It then overwhelmingly endorsed a weaker statement of US policy in Iraq. By 58-40, senators on Tuesday rejected a Democratic plan that the minority party's leadership advanced in the wake of declining public support for a conflict that has claimed more than 2000 US lives and cost more than $200 billion.
The non-binding measure called for Bush to outline a plan for gradually withdrawing US troops from Iraq.
Republicans countered with their own non-binding alternative.
It urged that 2006 "should be a period of significant transition to full Iraqi sovereignty", with Iraqi forces taking the lead in providing security, a step Republicans said would create the conditions for the phased redeployment of US forces.
On a 79-19 vote, the Senate approved that Republican-sponsored proposal, which did not call for the president to put forth a withdrawal timetable.
Staying the course
US lawmakers are feeling the heat from frustrated constituents heading into a congressional election year in which a third of the Senate and all 435 House members are up for re-election.
"They want an exit strategy, a cut-and-run exit strategy. What we are for is a successful strategy," said Senate Majority Leader Bill Frist.
Senate Democratic leader Harry Reid said: "We want to change the course. We can't stay the course."
Democratic Congressmen want
US troops brought home quickly
The Senate added the Republican policy to a defence bill the Senate is hoping to complete work on as early as Tuesday.
Overall, the bill includes provisions that, taken together, mark an effort by the Senate to rein in some of the wide authority lawmakers gave Bush after the 11 September 2001 attacks.
The measure includes White House-opposed language that would prohibit the cruel, inhuman and degrading treatment of detainees and standardise interrogation procedures used by US troops.
The Bush administration has threatened to veto any bill that includes language about the treatment of detainees, arguing it would limit the president's ability to prevent terrorist attacks.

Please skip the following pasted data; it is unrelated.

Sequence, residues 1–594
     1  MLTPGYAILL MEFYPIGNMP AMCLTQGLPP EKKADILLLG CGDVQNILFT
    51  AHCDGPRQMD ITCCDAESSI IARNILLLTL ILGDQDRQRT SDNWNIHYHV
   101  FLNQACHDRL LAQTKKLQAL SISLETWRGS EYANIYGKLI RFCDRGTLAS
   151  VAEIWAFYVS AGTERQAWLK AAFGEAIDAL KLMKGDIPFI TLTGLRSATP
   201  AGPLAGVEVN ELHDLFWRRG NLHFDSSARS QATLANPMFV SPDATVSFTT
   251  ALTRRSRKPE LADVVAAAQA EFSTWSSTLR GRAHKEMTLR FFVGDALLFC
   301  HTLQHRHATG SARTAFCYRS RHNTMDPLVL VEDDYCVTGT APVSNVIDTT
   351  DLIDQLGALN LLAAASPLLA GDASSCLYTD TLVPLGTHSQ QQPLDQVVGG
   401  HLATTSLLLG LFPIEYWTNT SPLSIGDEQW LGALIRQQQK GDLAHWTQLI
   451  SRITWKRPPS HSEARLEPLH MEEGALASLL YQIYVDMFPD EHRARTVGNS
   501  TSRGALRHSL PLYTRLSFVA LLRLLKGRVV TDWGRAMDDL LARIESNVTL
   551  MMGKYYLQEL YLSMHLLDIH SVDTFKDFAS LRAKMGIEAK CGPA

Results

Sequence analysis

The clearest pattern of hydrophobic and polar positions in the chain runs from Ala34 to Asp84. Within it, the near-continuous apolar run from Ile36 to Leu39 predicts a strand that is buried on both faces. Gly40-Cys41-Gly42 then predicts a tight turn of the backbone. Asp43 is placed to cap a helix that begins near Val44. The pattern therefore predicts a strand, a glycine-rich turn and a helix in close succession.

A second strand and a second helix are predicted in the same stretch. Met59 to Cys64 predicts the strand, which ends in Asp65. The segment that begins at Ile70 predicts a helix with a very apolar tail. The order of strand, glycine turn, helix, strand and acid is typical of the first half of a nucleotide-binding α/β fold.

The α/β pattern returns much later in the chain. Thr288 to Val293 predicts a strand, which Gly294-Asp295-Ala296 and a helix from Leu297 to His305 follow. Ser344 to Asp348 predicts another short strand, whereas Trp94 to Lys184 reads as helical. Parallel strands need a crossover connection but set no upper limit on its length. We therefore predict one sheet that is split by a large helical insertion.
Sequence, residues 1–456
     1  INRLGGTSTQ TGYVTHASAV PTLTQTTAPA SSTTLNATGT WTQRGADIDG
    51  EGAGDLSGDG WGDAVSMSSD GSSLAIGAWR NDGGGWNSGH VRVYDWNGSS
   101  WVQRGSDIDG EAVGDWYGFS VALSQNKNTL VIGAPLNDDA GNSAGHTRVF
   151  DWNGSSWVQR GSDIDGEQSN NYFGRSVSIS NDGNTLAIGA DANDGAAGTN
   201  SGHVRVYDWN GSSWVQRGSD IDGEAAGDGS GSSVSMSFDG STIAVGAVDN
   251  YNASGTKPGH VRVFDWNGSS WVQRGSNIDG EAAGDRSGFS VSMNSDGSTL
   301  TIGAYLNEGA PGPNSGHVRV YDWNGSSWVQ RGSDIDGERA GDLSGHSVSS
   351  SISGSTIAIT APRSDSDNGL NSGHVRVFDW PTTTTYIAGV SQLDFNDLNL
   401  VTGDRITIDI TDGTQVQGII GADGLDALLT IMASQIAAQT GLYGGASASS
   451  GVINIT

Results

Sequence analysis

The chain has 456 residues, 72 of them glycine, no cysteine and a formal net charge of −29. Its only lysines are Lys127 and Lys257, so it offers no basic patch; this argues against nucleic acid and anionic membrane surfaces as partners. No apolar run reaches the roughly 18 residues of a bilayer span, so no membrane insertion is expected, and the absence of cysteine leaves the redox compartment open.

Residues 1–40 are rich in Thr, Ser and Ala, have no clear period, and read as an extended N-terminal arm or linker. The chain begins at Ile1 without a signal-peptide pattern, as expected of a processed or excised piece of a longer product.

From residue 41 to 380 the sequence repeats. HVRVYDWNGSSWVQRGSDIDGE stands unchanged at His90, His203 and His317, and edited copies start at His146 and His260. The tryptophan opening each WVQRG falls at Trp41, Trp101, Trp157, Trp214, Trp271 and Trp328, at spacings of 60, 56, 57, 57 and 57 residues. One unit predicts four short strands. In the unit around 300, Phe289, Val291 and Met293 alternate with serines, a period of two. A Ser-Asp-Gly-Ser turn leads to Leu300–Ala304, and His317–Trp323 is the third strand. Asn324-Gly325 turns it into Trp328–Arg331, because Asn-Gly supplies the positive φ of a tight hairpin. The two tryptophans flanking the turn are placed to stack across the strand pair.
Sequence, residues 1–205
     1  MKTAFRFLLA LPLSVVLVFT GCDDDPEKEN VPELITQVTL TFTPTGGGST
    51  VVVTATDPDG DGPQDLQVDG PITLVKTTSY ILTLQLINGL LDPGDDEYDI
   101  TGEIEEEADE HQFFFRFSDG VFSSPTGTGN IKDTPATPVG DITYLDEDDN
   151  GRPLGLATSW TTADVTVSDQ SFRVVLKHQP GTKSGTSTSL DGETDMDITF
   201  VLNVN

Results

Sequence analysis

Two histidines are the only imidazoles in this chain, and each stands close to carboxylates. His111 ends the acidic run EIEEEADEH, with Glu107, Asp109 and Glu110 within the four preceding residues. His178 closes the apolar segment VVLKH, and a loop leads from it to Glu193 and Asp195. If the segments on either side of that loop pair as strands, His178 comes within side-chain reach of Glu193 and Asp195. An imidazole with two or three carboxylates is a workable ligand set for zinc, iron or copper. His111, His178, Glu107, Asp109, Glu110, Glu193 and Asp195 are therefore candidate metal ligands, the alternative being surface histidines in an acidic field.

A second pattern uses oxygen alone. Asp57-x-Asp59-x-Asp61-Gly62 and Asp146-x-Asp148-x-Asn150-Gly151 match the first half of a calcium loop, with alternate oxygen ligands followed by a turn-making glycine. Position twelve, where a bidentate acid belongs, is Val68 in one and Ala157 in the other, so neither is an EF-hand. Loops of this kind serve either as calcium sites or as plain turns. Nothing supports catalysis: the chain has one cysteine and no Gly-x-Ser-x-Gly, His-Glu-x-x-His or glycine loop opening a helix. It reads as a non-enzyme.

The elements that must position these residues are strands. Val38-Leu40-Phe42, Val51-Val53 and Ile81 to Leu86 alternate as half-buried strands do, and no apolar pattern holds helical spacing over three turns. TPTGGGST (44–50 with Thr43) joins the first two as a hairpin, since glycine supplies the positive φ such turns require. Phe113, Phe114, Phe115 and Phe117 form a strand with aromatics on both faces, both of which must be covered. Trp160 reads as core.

Later Tuesday, the Senate was expected to add to the bill a proposal that would, in effect, endorse the Bush administration's military tribunals for prosecuting suspected foreign terrorists held at the US naval base at Guantanamo Bay, Cuba.
Under a compromise reached by a bipartisan group of senators, those detainees would be able to appeal their status as "enemy combatants" and the rulings of US military tribunals to a federal appeals court in Washington DC.
"They want an exit strategy, a cut-and-run exit strategy. What we are for is a successful strategy"
Senate Majority Leader Bill Frist
That avenue would take the place of the one tool the Supreme Court gave detainees in 2004 to fight the legality of their detentions - the right to file habeas corpus petitions in any federal court.
Reflecting senators' anger over recent leaks of classified information to the public, the bill also includes provisions requiring the Bush administration to provide Congress with details on purportedly secret CIA prisons overseas and stripping of security clearances of any federal government official who knowingly discloses national security secrets.
The House version of the defence bill doesn't include those provisions, nor does it include the language on the detention, interrogation or prosecution of detainees.
House Republicans who would be part of negotiations over a final defence bill tend to stand with the president.
As a result, it's unclear whether any of those provisions will survive House and Senate negotiations and actually end up in the final defence bill.
Also uncertain is whether there will even be a final defence bill that makes it to the president's desk, given that the bill is not a must-pass measure.
It sets Pentagon policy and authorises spending but doesn't actually provide the dollars.